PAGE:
“The question is no longer ‘should we legalize marijuana?’ it is ‘how
do we legalize marijuana?’ We must do so in a way that recognizes that
the people who suffered most under prohibition are the same people who
should benefit most under legalization,” said Queen Adesuyi, policy
associate at the Drug Policy Alliance.
Booker’s legalization bill reflects the America’s changing views on cannabis. A CBS News poll from April revealed that 61% of Americans believe marijuana should be legal, while 71% of respondents consider that the federal government shouldn’t intervene with states that have legalized it on their own. Furthermore an astonishing 88% support marijuana’s medical use.
Who are the co-sponsors of the bill?
The bill, also known under the name of Small Business Tax Equity Act of 2017, has been introduced at the end of March by Rep. Carlos Curbelo. It is meant to amend the Internal Revenue Code of 1986 so companies would be able to deduct any expenditures that have been mate in relation to cannabis sales that are in compliance with state law.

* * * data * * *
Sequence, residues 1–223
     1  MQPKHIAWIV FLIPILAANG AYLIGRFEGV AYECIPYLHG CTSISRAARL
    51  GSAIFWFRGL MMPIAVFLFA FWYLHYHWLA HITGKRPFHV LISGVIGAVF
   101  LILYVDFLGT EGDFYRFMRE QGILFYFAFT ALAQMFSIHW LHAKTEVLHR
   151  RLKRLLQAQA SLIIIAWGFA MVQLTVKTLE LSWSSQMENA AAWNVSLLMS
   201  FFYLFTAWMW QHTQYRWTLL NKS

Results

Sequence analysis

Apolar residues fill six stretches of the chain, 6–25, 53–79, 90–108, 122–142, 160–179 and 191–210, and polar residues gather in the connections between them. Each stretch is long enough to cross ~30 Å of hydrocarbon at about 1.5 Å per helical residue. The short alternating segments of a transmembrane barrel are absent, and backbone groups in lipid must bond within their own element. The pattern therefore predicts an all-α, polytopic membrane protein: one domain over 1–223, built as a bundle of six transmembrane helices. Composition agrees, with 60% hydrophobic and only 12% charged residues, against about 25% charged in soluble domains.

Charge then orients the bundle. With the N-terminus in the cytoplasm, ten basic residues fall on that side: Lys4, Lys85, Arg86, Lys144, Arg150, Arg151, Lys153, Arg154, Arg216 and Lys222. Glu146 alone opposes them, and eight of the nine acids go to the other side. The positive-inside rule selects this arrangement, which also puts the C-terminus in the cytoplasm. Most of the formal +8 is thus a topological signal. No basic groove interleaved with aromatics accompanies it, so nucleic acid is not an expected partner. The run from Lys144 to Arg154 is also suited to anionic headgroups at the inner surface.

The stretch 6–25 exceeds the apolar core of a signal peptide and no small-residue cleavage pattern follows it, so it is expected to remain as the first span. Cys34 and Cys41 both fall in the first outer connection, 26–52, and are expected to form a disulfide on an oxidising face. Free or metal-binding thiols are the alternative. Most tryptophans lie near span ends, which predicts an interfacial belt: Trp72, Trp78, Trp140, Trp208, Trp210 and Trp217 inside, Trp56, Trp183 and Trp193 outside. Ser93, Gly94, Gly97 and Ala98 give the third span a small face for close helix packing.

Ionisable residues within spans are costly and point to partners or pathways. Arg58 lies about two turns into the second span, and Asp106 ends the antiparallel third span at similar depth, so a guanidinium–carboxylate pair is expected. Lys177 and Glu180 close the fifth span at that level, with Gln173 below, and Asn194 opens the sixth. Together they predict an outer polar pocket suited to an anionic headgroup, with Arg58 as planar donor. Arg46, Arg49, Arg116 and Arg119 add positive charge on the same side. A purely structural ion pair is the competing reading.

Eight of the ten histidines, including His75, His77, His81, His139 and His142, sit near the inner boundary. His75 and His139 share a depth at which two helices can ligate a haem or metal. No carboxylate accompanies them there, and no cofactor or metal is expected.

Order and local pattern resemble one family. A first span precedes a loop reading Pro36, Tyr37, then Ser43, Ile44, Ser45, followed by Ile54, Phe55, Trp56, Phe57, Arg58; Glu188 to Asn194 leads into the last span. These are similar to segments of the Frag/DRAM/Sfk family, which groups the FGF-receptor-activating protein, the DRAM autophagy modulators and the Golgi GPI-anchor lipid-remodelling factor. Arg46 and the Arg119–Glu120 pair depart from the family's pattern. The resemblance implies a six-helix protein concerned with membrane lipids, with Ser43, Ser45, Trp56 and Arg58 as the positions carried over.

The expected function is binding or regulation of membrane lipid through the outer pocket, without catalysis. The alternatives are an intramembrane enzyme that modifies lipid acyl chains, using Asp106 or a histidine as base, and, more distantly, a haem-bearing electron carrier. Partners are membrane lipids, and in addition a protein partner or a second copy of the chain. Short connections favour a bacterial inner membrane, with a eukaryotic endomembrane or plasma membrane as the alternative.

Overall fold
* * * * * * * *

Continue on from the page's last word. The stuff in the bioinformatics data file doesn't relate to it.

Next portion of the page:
Tulsi Gabbard on Ending Federal Marijuana Prohibition
There’s limited but overwhelming evidence that shows that marijuana is effective in the treatment of post-traumatic stress disorder, cancer, epilepsy, chronic pain, and addiction as stated by female veteran Tulsi Gabbard.
Lots of members from our veteran community haven’t hesitated to share their stories of the struggles they had with depression and opioid addiction, Former Hawaii National major Tulsi Gabbard further added that they have remained vocal about the need for the VA to allow doctors discuss medical marijuana with their patients. In Congress, a committed Tulsi Gabbard is joining hands with a bipartisan group with members on both sides of the aisle to pass the Ending Federal Marijuana Prohibition Act (HR 1227).
Representative Tulsi Gabbard said, If we succeed at removing
marijuana from the Schedule I of the Controlled Substances Act, we can
get rid of those things that hinder small businesses so they can have
access to bank loans that expand their potential. Tulsi Gabbard further
said, medical researchers who are currently limited by rigid federal